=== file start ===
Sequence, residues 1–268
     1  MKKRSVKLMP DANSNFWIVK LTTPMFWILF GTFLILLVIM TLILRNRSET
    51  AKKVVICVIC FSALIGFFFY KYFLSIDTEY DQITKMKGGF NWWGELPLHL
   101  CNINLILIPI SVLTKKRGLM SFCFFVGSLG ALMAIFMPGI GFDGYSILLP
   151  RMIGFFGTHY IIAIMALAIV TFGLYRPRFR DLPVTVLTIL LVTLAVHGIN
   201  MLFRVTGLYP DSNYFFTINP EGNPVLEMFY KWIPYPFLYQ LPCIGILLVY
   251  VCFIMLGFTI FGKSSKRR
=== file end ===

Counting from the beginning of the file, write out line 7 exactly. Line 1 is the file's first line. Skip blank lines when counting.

   251  VCFIMLGFTI FGKSSKRR